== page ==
There are also media messages about the stages of life  we’re all supposed to follow, and if we deviate from those messages, we are not considered to be as good as the people who follow them. The specific stage of life I want to highlight here is that of buying a home. At a certain point in our lives, we are supposed to have gained enough wealth or enough credit-worthiness to own a home, and if, for whatever reason, we don’t take that step, we are not considered to be as good as the people who do own homes.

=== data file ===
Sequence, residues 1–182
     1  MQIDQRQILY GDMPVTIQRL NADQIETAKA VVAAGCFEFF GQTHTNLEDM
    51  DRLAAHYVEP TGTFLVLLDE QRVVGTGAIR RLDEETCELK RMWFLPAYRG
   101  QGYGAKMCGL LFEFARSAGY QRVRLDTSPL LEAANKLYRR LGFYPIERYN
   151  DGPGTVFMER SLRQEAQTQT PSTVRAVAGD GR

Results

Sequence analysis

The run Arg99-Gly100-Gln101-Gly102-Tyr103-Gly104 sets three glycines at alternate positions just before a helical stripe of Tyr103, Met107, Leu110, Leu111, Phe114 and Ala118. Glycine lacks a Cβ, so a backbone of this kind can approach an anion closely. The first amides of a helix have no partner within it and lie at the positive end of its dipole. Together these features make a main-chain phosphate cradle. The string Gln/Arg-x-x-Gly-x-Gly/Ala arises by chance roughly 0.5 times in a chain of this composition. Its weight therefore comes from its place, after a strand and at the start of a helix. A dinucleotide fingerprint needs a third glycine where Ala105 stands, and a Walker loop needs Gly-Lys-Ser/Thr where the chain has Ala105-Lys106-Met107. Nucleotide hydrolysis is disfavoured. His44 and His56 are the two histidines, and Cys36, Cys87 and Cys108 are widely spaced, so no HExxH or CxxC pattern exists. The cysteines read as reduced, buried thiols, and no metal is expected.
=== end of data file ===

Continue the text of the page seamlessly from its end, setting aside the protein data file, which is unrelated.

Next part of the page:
A specific example from my own community has saddened me in recent weeks. We live a few miles from a large city in the United States. This area is separated into different cities, towns, and communities as I know most areas are in this country. One of these smaller cities is having a school rezoning issue at the moment, and the people in this school district are upset about all of the apartment residents they have to accommodate. I’ve read several articles about the issue, and a lot of it has to do with economics and having enough money to support programs at the different schools. But, the one thing that has especially saddened me is the comments on the articles. Many of them tell the residents of these apartments that they should go back to the large city and that they’re not good enough to live in the smaller city. Several comments used derogatory names that were racial and poverty related. It was like these people were trying to tell these apartment residents their children didn’t deserve to have a good education. I cried when I read those comments because I knew that some of the people making them might also claim to be Christians, and I also knew they had fallen into the comparison trap of thinking they were better than other people just because they owned a home and lived in this smaller city.